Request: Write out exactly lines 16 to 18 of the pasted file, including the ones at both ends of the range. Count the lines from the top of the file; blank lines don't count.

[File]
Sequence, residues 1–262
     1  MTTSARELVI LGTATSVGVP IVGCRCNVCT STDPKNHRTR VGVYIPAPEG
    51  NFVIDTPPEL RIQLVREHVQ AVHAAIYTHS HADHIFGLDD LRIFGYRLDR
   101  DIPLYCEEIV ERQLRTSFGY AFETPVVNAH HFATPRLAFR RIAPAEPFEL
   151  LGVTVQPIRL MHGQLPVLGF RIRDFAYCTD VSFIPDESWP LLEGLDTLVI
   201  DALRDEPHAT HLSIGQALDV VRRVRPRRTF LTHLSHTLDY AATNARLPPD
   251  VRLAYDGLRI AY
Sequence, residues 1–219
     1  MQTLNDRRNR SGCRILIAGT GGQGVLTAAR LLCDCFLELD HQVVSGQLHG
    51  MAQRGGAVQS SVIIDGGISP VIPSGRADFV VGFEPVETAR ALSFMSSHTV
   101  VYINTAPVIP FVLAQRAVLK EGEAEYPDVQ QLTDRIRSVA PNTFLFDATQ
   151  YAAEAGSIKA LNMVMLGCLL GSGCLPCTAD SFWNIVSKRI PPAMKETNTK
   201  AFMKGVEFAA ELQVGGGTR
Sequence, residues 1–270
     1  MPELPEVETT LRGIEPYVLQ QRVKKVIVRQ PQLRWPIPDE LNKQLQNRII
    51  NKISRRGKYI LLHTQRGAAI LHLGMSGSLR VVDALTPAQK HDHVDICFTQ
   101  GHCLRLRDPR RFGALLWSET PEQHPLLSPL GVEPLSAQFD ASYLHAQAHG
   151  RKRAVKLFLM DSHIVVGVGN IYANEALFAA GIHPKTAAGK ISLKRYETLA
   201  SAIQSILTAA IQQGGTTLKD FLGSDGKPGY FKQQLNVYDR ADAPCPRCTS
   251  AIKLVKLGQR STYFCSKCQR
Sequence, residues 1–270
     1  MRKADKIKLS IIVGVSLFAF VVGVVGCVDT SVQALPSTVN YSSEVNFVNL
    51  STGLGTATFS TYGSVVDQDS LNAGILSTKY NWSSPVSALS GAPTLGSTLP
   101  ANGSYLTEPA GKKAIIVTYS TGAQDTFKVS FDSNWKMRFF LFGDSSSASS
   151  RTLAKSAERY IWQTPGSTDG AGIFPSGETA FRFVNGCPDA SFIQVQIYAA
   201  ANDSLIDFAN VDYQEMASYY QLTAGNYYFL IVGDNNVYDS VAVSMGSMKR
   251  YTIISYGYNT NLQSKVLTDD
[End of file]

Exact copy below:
    51  NKISRRGKYI LLHTQRGAAI LHLGMSGSLR VVDALTPAQK HDHVDICFTQ
   101  GHCLRLRDPR RFGALLWSET PEQHPLLSPL GVEPLSAQFD ASYLHAQAHG
   151  RKRAVKLFLM DSHIVVGVGN IYANEALFAA GIHPKTAAGK ISLKRYETLA